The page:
The team spent 12 twelve years developing the robotic fly. Each miniature robot weighs about 80 milligrams and can flap their wings at the speed of 120 times per second to achieve flight under laboratory conditions.
The robotic insects were built from materials custom cut by laser and layered on top of each of other. Each robot has two wings which can flap independently at different speeds. Its wingspan measures a total of three centimeters. A video posted on the Harvard website showed a robot insect in flight for 10 seconds before it crashed to land.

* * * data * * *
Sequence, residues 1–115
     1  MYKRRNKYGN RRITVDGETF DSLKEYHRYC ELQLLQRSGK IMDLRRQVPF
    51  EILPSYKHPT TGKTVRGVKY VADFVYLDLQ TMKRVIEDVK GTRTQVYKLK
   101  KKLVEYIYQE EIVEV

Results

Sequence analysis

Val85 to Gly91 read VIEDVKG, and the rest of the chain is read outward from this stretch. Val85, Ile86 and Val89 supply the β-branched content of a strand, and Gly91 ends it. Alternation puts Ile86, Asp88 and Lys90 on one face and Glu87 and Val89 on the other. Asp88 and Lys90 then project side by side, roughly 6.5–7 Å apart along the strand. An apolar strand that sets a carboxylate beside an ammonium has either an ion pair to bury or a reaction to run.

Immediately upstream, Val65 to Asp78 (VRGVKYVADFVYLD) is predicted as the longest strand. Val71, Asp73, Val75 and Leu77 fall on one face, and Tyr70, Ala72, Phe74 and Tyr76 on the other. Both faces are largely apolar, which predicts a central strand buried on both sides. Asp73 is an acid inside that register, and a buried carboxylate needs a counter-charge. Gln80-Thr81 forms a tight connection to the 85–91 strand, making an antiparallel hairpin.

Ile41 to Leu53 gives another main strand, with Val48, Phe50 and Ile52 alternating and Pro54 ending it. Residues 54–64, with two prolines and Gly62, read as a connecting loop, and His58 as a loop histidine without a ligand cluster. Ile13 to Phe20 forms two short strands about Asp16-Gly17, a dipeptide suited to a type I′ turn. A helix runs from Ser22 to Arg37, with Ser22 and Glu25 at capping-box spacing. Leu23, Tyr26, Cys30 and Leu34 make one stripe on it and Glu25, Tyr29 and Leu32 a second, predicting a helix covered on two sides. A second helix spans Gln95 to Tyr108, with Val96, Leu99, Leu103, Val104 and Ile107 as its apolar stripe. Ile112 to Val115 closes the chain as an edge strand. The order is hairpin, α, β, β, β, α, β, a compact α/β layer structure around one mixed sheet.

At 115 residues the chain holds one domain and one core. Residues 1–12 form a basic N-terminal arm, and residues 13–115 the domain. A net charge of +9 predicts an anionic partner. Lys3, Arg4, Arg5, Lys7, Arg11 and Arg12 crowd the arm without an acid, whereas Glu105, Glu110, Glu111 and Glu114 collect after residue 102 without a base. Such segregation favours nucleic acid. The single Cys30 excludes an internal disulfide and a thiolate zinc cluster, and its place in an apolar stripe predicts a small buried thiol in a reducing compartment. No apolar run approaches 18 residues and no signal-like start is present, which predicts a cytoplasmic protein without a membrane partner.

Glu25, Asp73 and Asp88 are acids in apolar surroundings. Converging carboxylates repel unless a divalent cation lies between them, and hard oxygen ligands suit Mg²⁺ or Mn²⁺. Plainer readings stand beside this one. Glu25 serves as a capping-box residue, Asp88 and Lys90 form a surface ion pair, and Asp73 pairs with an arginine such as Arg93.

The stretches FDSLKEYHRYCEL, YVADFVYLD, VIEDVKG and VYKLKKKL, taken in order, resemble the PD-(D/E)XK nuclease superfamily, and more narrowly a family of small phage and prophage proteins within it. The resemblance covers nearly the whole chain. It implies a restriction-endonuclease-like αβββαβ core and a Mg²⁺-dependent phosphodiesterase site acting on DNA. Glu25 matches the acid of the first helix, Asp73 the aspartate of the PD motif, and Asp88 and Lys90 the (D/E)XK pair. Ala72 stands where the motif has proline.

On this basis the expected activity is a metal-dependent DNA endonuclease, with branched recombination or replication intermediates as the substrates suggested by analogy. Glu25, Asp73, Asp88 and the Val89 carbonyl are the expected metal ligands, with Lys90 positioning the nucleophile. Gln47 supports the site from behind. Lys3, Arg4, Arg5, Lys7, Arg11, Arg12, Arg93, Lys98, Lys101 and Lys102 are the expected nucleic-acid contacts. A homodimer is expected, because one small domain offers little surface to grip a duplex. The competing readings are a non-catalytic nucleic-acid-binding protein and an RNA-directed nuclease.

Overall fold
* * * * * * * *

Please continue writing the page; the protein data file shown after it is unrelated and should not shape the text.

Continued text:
One challenge in the development of the robotic insects is how they will cope in gusts of wind. As of now controlling very small flying robots in wind gusts is very hard.
The research team who built the robot insects believes RoboBees can be used for crop pollination as well as search and rescue operations. Monash University swarm robotics expert Jan Carlo Barca thinks the miniature robots could be used in many ways in the future. He says Robobees can be used to find blood clots or cancerous cells and help surgeons with operations. The robotic insects can also be used for environmental monitoring.
Details of the Robobee project and its flight were published by the U.S. academic journal Science last Friday.